Actually, there’s one person aboard the Betty who does know what Perez and Wren are up to, at least in outline. Her name is Call (Winona Ryder, from Bram Stoker’s Dracula and Beetlejuice, who I’d forgotten was about the second cutest thing on Earth in 1997), and she only just joined Elgyn’s crew. Through means that Whedon will be keeping under his hat until after the point where I break off this synopsis, Call discovered Perez’s breeding project, and she signed on aboard the Betty in the hope of infiltrating the Auriga, and killing Number 8 before Wren and his people have a chance to extract the larval queen. Elgyn has no idea that Call is pursuing her own agenda, but he fully expects Perez to try to fuck him somehow, so he arranges for three of the regular Betty astronauts— Johner (Ron Perlman, of Hellboy and Outlander), Christie (Gary Dourdan), and Vriess (Dominique Pinon, from The City of Lost Children and Hellbreeder)— to be packing all sorts of heat when they go aboard the Auriga; Call, Sabra (Kim Flowers), and Elgyn himself go unarmed like they’re supposed to. Now it might seem that a simple drop-off mission like this one would afford Call little opportunity to meddle in the general’s affairs. However, Elgyn has fortuitously finagled Perez into permitting the Betty crew to spend a few days on the Auriga in order to… well, in all honesty, there doesn’t appear to be a reason. Damnit, Joss! I’m getting really tired of things not making any fucking sense in this movie! I suppose I can understand if you slept through ninth-grade biology and lack even the most rudimentary understanding of how genes work as a consequence, but when a writer of your caliber can’t concoct a defensible excuse for the characters to remain in the setting, it’s definitely time to put the story out of its misery and try something else. And you know what? Even having the screenwriter cheat on her behalf doesn’t do Call any good, because the scientists have already removed the queen from Number 8’s body by the time Call manages to sneak into the clone’s holding cell for an assassination attempt. In fact, the queen has already begun laying eggs, Wren has already exposed the pirates’ human cargo to the creatures growing inside those eggs, and indeed there are already eleven adult workers locked up in a monster-drool-resistant plexiglass cage in Wren’s laboratory. (We’ll learn later on that the larva inside the twelfth host— Purvis [Leland Orser, from Seven and The Bone Collector], to give the unfortunate man his proper name— is taking its sweet time in incubating, and that Purvis is being allowed to wander the relevant section of the lab, shut in but otherwise unmolested, in the meantime. There doesn’t seem to be any reason for that, either.) The caged aliens figure out a way to escape (and a very clever one, at that) just as Call is being arrested after her fruitless visit to Number 8’s cell, and all hell breaks loose throughout the Auriga. Good thing Ripley the Vampire Slayer is around to take the situation in hand, huh? Perhaps, but Joss Whedon still has the Ace of Things That Make No Damn Sense At All as his hole card, and you’re not going to believe the Krakatau-scale bullshit eruption that occurs when he finally gets around to playing it.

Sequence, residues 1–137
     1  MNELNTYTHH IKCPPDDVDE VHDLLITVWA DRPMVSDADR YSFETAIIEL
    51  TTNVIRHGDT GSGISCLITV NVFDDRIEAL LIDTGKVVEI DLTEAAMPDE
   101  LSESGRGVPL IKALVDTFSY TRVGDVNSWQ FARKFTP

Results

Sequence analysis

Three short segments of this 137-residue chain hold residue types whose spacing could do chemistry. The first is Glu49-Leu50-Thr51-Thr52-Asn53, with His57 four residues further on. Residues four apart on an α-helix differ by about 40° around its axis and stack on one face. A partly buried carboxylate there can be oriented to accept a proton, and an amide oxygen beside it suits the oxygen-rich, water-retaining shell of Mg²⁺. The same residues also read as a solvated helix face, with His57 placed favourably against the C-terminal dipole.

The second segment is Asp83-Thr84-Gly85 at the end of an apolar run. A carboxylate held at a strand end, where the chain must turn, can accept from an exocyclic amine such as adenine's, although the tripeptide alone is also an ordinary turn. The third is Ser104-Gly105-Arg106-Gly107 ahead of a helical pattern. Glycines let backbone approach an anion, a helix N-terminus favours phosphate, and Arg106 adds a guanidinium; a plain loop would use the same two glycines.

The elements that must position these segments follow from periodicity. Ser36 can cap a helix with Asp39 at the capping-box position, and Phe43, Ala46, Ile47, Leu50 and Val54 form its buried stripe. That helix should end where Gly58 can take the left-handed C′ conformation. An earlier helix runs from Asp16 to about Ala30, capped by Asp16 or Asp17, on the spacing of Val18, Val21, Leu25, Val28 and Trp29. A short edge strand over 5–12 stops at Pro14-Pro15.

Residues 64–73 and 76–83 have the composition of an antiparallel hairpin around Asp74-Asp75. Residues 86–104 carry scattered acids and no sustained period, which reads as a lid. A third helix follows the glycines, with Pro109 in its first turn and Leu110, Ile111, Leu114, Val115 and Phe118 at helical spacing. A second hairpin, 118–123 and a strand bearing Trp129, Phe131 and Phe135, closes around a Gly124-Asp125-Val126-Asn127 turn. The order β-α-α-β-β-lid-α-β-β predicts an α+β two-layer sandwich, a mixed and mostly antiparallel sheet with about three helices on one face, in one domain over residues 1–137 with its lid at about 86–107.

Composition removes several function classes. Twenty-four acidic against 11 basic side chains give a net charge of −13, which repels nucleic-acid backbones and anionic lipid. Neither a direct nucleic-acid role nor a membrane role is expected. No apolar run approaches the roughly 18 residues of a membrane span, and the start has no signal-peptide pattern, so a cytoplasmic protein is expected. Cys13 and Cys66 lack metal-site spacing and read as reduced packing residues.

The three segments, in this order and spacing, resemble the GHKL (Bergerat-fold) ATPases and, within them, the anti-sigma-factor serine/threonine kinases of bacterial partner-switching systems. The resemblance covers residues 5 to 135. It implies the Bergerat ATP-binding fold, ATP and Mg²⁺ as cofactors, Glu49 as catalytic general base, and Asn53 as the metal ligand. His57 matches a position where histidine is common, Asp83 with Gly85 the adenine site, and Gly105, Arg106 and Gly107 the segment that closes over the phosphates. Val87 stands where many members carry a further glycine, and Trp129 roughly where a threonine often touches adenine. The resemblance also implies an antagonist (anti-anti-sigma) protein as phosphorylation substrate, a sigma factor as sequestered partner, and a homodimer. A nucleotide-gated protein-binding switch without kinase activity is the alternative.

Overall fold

All the while I was watching Alien Resurrection, I wanted very badly to believe either that Whedon had been called in to clean up an Alien3-style screenplay disaster area, or that studio meddling had rendered what he wrote unrecognizable by the time shooting was underway. After all, Whedon spent most of his movie career (as distinct from his television career) as a script doctor, and the dismal precedent of Buffy the Vampire Slayer was only five years in the past when Alien Resurrection launched, so either circumstance would seem plausible enough. However, by Whedon’s own admission, what happened here was nothing so simple, and I can see no way to avoid cutting him in for a substantial share of the blame for the titanic idiocy of what should by all rights have been the final Alien film. Alien Resurrection was his story all along, and although the ending went through five studio-mandated rewrites as the remaining fraction of the budget dwindled, director Jean-Pierre Jeunet filmed the script essentially as written in its final draft, except that he played straight a fair amount of material that Whedon had intended as comedy. And frankly, Jeunet was right to downplay the jokes, no matter what Whedon may say to the contrary. What Whedon wrote was a double-length episode of “Buffy the Vampire Slayer” set in outer space, with Number 8 as Buffy, Call as a pre-witchcraft Willow, Vriess as Xander, Christie as a non-love-interest Riley, and General Perez as Principal Snyder. I can’t for the life of me imagine what convinced him that this was an appropriate direction in which to take the Alien series, even before factoring in a third act full of Zardoz-style pseudo-deep mind-fuckery. Ripley should not quip flippantly about the nightmare that has by this point consumed practically her whole non-hibernating life, whether or not she can be technically considered herself anymore. That simply isn’t her style of strength. Androids (oh, come on— like it counts as a spoiler that one of the characters is really a robot yet again) should not suffer from vampire-with-a-soul existential angst over being only outwardly human. That’s a Blade Runner thing, not an Alien thing. The human villains should not be led by a slimy but ineffectual buffoon— still less a slimy but ineffectual buffoon who puts one in mind of a middle-aged Eugene Levy! Whedon has complained in interviews that Alien Resurrection was cast wrong, played wrong, designed wrong, and scored wrong, and for the most part, he’s right about all of that. However, none of the things that Jeunet, the cast, or the producers bungled at their ends went nearly as far toward making Alien Resurrection a crummy movie as Whedon’s contribution in writing it wrong to begin with, and none of those other people’s mistakes would look nearly as dire were it not for their interplay with the inexhaustible fountain of bad ideas that is the film’s script.